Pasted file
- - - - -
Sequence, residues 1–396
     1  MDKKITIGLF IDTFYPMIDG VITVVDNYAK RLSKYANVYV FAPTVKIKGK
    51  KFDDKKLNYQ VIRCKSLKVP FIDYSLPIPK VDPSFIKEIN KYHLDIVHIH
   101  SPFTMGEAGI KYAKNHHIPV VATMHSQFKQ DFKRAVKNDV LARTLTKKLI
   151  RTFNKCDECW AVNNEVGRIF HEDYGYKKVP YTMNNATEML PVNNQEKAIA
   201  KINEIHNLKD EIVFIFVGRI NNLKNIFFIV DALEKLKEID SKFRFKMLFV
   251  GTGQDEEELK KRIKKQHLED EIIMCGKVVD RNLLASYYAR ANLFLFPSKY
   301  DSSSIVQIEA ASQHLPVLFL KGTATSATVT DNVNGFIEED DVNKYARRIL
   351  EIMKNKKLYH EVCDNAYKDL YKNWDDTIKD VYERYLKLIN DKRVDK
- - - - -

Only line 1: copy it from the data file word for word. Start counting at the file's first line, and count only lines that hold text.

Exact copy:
Sequence, residues 1–396